Google this week announced that it was killing its IoT platform, Android Things, less than two years after limiting its use to smart speakers and displays.
“We are turning down the Android Things Console for non-commercial use,” the Android Developer blog reveals. “Developers can continue to use the Android Things console to build images and serve OTA updates for their existing projects until January 5, 2022. At this point, the console will be turned down completely and all project data will be permanently deleted—including build configurations and factory images.”
Google released the first preview of Android Things in December 2016, positioning it as a mainstream IoT solution for developers who are familiar with Android. And it partnered with hardware makers to support the platform on Intel Edison, NXP Pico, and Raspberry Pi 3 computing boards. Then the 1.0 release arrived in May 2018, offering broader hardware support that included so-called “system on a module” (SoM) chipsets similar to Microsoft’s Azure Sphere.
But less than a year later, it was obvious that Android Things was a failure. Google revealed that it would limit the use of Android Things to smart speakers and smart displays only and it killed support for SoMs based on NXP, Qualcomm, and MediaTek designs.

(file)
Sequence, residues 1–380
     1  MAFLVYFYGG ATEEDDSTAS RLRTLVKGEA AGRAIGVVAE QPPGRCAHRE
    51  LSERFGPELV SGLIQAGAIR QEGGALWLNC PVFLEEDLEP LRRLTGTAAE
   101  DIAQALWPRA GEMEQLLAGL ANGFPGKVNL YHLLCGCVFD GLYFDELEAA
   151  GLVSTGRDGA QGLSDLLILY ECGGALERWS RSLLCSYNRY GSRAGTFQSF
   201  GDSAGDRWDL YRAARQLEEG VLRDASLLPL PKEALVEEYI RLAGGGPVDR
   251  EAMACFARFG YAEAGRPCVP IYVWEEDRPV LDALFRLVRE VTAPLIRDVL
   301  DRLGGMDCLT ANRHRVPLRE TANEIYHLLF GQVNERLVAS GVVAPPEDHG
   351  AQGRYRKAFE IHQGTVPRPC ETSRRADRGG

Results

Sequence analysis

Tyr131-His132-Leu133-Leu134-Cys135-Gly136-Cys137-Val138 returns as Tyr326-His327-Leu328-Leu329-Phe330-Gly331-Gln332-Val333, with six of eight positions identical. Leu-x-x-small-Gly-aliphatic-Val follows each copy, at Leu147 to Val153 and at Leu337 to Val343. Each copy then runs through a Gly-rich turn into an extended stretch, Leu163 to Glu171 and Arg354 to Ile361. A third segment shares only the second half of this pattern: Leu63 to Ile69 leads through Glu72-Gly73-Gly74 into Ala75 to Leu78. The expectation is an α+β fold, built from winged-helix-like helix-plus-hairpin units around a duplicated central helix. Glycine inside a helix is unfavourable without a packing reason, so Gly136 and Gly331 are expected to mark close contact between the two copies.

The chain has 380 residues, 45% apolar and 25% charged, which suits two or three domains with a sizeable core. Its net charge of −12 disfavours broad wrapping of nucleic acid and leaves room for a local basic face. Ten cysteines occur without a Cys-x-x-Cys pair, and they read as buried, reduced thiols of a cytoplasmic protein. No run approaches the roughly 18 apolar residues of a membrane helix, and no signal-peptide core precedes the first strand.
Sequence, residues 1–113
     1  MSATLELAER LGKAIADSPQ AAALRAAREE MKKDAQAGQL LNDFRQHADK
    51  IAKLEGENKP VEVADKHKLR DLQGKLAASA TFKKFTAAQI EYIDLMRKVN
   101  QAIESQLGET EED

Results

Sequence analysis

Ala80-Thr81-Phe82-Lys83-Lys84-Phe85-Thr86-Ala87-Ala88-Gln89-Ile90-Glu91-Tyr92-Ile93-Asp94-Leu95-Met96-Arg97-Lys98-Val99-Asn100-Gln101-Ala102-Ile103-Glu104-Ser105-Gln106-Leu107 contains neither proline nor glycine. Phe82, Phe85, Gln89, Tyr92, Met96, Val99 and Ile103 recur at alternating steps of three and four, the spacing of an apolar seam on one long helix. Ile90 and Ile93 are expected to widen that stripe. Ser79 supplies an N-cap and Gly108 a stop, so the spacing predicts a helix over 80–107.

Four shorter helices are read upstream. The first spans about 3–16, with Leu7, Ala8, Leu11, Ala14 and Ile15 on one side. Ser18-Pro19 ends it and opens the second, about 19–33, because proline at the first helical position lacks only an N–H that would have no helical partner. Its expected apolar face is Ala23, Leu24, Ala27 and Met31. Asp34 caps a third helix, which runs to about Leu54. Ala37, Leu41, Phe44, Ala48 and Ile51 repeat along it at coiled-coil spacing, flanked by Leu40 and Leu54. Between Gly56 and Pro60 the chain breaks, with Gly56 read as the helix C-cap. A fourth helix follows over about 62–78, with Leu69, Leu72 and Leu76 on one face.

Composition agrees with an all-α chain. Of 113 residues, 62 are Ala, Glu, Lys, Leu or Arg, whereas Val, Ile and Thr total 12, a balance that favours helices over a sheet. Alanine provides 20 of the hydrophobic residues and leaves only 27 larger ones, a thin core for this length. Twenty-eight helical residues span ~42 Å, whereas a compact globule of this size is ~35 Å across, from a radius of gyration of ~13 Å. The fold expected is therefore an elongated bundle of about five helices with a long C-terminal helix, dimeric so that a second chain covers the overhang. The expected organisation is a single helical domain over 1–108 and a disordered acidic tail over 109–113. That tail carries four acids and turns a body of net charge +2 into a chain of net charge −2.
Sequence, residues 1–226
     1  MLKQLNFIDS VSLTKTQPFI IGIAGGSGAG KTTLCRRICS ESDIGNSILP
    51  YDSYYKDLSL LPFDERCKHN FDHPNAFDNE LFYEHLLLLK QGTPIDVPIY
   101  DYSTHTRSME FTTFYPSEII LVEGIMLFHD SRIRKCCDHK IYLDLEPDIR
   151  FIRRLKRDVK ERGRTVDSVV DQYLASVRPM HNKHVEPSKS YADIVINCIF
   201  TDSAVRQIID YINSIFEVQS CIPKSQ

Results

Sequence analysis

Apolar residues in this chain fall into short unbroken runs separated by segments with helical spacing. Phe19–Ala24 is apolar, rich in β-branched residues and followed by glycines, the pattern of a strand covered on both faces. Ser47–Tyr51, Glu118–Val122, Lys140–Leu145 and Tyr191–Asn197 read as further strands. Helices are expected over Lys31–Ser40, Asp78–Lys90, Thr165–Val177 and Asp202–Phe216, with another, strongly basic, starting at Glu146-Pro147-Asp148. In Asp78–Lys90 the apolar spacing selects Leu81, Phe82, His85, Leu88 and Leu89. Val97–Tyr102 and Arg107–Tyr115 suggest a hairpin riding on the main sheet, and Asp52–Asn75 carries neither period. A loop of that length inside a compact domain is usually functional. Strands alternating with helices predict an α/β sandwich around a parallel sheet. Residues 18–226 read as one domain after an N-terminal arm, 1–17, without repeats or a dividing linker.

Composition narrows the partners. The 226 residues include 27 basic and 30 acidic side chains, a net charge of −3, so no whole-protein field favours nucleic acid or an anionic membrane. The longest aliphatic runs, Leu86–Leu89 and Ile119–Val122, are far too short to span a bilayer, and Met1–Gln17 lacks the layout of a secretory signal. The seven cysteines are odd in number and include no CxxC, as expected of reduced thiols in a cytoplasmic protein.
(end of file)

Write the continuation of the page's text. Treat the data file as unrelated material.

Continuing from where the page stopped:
It’s possible that Android Things’ greatest strength—being based on Android—was at least partially responsible for its downfall: Google only supported the system for three years, which is problematic enough for smartphones but a real Achilles’ Heel on embedded IoT solutions that customers would naturally expect to use for much longer than that.
Google is working to improve the Android support lifecycle for smartphones, but with this week’s announcement, it’s clear that it won’t or can’t do so for Android Things, even given its limited use cases. And so this era is coming to a close.
Google offers a few other solutions for the IoT space, but as Microsoft found previously with Windows, simply building new platforms based on your most successful platform doesn’t always guarantee success. And none of Google’s other IoT offerings are client hardware platforms, but instead ways to integrate with its cloud, Assistant, and Nest platforms. (A company called Coral does offer an AI solution for edge computing that’s based on a Google chipset, however.)